That fatuous notion is nothing more than utter and hopelessly idealistic nonsense and mark my words people, things will NOT improve over the next four years due to a Democrat sitting in the Imperial Palace and holding a majority of seats in the Star Fleet Command. This ship is going down and a cute and nattily attired captain at the wheel ain't gonna save what is left of their tattered empire, especially the national parks. They are going to suffer right along with the rest of it.

Merry Christmas to all of my fellow NPT readers. It has been a fun and exciting year trading comments and insights and if the truth be known I think this forum's existence has been one of the bigger stories of the year for the national parks. I wish it and you all a happy and prosperous (as best as can be achieved in a Federal Reserve caused hyperinflationary depression) new year.

Lepanto,

I agree that a "starve the beast" tactic is being used, and that it is underhanded and unattractive ... but.

"Starve the beast" is very similar to "demand destruction", which we are currently watching cut the price (and use!) of crude oil several fold.

"Demand destruction" is applauded by some enviro-Liberals as a method to force folks to reduce CO2 emissions, etc, whether they want to or not. (It also slashes the money flowing into the coffers of Russia, Venezuela, Iran, etc.)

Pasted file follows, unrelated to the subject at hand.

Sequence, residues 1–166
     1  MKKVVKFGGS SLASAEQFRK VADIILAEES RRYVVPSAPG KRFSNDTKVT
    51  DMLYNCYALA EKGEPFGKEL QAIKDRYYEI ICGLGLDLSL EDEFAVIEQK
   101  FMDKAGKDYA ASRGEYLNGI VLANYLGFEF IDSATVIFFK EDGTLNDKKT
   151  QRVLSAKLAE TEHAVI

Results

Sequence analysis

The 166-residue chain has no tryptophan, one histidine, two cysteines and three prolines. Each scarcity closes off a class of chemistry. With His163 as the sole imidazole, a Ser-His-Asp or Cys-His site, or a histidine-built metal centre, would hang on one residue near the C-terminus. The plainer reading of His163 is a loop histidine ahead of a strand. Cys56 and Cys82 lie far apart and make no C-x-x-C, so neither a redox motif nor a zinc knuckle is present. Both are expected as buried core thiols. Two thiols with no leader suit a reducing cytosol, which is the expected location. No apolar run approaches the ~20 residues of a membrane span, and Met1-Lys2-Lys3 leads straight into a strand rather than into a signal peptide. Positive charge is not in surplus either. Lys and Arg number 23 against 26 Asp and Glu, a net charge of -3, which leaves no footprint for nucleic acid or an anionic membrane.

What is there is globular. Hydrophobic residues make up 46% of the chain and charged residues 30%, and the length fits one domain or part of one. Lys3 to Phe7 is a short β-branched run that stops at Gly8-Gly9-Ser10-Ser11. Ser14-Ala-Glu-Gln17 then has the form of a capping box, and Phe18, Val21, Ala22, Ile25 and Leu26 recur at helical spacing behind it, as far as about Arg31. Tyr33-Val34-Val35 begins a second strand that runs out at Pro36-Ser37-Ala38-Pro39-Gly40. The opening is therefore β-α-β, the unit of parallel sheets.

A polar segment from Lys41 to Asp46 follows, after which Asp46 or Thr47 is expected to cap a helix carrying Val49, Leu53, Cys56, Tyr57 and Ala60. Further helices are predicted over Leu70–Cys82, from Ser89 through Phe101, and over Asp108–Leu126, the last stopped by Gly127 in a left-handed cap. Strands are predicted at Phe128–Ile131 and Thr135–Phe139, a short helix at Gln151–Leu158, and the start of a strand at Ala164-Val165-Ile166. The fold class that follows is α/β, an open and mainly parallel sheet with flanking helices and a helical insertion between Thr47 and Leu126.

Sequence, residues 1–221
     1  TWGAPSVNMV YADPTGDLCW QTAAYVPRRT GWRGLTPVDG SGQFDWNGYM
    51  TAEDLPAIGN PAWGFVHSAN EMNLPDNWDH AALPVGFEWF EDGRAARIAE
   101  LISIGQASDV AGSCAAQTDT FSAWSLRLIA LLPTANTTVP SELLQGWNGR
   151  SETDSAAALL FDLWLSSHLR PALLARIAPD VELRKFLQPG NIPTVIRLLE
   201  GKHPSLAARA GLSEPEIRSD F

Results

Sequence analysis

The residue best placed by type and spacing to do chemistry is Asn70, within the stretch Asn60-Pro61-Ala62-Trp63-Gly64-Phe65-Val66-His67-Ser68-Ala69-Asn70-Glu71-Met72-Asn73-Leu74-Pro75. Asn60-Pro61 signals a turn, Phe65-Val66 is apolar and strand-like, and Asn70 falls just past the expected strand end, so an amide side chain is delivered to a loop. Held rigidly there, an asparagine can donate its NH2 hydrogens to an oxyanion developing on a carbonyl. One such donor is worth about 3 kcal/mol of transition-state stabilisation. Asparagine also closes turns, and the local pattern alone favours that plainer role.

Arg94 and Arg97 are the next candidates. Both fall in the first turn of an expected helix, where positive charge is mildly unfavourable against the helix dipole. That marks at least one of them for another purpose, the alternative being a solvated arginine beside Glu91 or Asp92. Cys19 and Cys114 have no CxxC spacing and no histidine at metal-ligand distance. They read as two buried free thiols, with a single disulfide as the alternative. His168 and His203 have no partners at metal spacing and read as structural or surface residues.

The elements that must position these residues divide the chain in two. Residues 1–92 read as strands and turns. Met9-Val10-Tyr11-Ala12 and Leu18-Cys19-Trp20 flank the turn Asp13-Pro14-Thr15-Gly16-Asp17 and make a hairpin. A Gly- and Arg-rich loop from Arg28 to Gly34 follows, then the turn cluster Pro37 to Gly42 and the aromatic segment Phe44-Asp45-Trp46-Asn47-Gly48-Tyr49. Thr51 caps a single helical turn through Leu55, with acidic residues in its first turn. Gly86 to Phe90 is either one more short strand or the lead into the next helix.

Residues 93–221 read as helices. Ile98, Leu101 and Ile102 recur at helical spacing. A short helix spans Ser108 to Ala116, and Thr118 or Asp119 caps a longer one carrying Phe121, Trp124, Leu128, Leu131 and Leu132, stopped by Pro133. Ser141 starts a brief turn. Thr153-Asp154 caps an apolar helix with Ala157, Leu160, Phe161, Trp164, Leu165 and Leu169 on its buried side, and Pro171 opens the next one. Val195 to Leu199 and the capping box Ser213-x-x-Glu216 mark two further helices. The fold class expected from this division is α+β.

The Democrat/Liberal faction, meanwhile, consistently bloats government using every device it can find. Conservatives respond by making excess government employment unpleasant and unrewarding, trying to force people (with guaranteed jobs) to reduce their dependency on government featherbedding by finding a more-agreeable position outside government.

"Too many chiefs and not enough indians" is the classic sign of inflated government payrolls. The readiness with which opposing points of view agree that Parks management is top-heavy, gives us fair notice that when proponents of smaller government get the chance, the Parks System will be in the line of fire as reformers attempt to "starve the beast".

I agree also with Beamis, that the Democratic victory in the White House & Congress is unlikely to change things at NPS to their liking. Even without the global economic problems, Obama is coming down well to the Right of where some of his supporters inferred he would stand. And I second Beamis' motion that National Parks Traveler be listed as a Parks Story of the Year!

Ted

I'm with Ted and Beamis.

This webzine deserves some props!

Lepanto, your assertion that "most regional offices HAVE been cut" is not supported by the evidence.